The most important question facing Britain’s monarchy today.

Posted: April 18, 2016 in Humour, Political musings, Popular Culture et al
Tags: , , , , , , , , ,

Queen Elizabeth IILike most other Brits (originally, at least). and much of the rest of the world, we are full of admiration for Queen Elizabeth II as she approaches her 90th birthday, having recently become the longest-serving monarch in the country’s history.

We are not, in truth, overly in favour of the monarchy, as we are highly sceptical as to whether it really offers the economic boon that is always quoted whenever anyone questions its existence.

And though it is supposed to be non-political, it undoubtedly wields behind the scenes influence, and whether that influence is for good or ill it really should play no role in a truly democratic society.

One cannot help, by way of example, to wonder what might have occurred had avowed Nazi sympathiser Edward VIII remained on the throne to apply his influence in support of Halifax and the appeaser faction in the Conservative Party in 1939. No ascent of Churchill and an ignominious accommodation with the Nazis would have been much more likely than the stout defence of country and Empire – and subsequent defeat of fascism – that actually occurred. For a fuller discussion of the fight between Halifax and Churchill on the conduct of the war, one of the most seminal events in the whole of human history as it turned out, we recommend this Wikipedia article, which is fascinating.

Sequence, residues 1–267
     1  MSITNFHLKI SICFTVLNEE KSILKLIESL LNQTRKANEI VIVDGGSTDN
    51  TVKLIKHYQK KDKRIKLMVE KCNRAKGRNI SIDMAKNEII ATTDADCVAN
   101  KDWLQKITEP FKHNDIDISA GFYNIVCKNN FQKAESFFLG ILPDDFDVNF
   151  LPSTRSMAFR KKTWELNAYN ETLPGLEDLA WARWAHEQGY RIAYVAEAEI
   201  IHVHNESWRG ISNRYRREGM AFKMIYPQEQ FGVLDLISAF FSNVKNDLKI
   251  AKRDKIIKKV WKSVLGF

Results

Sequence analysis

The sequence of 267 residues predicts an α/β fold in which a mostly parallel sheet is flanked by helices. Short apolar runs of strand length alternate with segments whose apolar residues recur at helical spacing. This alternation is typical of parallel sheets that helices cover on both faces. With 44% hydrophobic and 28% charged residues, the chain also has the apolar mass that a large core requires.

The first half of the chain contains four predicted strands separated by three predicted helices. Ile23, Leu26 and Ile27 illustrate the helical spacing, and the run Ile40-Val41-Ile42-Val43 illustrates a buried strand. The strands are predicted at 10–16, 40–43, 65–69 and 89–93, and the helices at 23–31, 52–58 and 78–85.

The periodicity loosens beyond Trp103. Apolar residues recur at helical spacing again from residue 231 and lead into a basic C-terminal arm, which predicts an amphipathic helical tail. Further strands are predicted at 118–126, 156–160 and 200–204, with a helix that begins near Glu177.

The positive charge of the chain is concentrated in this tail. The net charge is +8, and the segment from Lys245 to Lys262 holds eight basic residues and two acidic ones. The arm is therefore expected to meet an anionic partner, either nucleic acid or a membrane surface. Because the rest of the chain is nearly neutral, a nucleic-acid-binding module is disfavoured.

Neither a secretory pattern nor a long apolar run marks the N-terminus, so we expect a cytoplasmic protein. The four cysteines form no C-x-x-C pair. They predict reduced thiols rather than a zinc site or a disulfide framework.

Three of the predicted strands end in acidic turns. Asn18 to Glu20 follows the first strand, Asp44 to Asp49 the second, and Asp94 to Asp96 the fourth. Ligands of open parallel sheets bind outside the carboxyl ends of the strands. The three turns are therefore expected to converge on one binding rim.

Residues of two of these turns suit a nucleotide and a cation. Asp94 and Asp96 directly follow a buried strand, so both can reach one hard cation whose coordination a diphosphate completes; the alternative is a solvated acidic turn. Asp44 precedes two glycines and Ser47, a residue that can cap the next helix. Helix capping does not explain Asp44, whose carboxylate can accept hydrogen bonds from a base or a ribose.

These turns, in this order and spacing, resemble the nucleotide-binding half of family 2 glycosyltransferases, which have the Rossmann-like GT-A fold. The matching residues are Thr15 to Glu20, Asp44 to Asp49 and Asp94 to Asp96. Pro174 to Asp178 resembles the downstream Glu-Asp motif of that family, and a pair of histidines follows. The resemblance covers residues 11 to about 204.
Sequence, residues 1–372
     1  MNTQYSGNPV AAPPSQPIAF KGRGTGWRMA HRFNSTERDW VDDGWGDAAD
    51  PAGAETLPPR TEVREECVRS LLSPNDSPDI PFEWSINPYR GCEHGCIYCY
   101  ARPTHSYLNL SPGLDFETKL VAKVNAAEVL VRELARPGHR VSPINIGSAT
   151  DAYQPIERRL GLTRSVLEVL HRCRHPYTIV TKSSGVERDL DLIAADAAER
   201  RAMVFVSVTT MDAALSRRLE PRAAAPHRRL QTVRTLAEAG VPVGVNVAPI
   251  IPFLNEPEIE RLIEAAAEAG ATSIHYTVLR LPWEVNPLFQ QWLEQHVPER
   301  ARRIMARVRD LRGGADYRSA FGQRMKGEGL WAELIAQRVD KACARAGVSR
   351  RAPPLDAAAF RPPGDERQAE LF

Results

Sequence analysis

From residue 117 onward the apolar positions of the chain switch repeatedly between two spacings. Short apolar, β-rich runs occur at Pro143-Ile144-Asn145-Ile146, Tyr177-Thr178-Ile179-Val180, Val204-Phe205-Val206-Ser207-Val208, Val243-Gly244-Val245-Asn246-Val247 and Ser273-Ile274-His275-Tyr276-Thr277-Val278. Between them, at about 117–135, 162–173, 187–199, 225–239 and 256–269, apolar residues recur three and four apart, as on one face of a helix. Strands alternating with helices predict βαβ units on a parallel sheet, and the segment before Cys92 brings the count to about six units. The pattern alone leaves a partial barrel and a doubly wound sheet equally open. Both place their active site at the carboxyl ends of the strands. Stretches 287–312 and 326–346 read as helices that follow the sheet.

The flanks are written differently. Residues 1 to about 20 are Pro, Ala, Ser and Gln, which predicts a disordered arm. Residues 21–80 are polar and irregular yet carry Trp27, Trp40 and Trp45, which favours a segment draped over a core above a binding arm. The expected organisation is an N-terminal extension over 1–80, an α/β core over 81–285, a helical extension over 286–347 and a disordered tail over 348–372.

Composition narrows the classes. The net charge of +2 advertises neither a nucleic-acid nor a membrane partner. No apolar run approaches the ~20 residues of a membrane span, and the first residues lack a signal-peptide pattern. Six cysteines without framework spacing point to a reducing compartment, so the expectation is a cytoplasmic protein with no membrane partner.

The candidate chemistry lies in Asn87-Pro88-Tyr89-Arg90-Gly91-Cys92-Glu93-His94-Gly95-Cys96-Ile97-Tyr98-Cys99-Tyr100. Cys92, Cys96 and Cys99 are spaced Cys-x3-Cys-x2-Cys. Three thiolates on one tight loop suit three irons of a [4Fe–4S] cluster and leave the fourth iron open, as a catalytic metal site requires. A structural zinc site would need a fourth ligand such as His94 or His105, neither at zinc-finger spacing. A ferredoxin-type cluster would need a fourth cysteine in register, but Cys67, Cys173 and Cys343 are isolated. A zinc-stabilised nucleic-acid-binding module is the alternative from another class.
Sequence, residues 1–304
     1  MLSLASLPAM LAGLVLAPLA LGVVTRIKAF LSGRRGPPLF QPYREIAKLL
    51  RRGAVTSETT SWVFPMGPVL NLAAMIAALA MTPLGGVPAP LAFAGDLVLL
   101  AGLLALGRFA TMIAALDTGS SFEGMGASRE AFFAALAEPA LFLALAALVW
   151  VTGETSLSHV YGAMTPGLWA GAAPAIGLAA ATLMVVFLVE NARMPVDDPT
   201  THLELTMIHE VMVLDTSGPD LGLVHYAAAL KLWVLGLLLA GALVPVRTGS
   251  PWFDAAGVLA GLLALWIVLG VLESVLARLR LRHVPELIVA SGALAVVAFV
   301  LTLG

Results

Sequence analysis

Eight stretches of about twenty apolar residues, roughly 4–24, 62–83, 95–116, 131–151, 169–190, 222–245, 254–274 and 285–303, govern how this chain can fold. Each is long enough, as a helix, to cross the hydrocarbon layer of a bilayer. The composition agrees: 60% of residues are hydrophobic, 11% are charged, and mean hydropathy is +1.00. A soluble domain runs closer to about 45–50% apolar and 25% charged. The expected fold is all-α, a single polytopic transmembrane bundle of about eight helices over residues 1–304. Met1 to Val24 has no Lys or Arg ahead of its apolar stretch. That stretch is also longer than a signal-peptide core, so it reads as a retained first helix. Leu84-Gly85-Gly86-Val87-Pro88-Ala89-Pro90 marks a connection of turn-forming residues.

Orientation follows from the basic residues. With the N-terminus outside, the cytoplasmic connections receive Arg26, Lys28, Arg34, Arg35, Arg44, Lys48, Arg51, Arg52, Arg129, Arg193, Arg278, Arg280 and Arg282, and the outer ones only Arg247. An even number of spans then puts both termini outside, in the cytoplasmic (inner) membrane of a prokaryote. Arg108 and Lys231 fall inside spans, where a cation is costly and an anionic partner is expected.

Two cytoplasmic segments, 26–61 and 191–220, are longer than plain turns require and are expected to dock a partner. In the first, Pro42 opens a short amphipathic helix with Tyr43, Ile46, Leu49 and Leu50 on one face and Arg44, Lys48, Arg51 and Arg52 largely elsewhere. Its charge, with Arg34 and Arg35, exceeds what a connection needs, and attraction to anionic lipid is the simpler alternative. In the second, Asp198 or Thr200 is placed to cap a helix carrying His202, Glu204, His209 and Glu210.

And non-Brits sometimes forget we have chopped the head off a king on our way to a participatory democracy. We are by no means mindlessly adulatory to our monarchs. The approbrium heaped on future King Charles III’s head over the breakdown of his marriage with the adored Princess Diana shows how shallow the British public’s acquiescence really can be. Our monarchs really do rule at the public’s favour.

Nevertheless, one would be hard pushed to find anyone with a word of criticism of the Queen. Despite her advanced years, she maintains a punishing schedule of public engagements, (the equivalent of almost one a day), and despite having, by all accounts, something of a temper (an attribute she shares with most of her ancestors), she manages to seem to deal with almost everyone with impeccable courtesy and good humour.